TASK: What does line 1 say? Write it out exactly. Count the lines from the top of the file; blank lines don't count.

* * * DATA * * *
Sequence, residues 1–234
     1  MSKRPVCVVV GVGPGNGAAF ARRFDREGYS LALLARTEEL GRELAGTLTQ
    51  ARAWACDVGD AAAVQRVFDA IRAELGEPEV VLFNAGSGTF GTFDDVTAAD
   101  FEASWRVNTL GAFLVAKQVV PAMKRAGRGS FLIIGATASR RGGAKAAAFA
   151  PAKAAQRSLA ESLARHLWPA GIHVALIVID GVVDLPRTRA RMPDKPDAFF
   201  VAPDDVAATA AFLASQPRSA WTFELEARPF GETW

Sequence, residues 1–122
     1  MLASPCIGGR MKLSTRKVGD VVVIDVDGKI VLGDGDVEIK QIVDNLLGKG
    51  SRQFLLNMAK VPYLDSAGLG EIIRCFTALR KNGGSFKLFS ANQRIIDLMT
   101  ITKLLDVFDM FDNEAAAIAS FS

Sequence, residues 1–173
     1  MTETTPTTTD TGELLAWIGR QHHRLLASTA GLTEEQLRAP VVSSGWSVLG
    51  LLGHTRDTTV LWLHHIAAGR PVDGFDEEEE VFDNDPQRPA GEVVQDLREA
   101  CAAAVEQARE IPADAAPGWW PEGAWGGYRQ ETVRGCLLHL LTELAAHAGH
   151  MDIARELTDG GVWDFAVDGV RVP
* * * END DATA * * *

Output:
Sequence, residues 1–234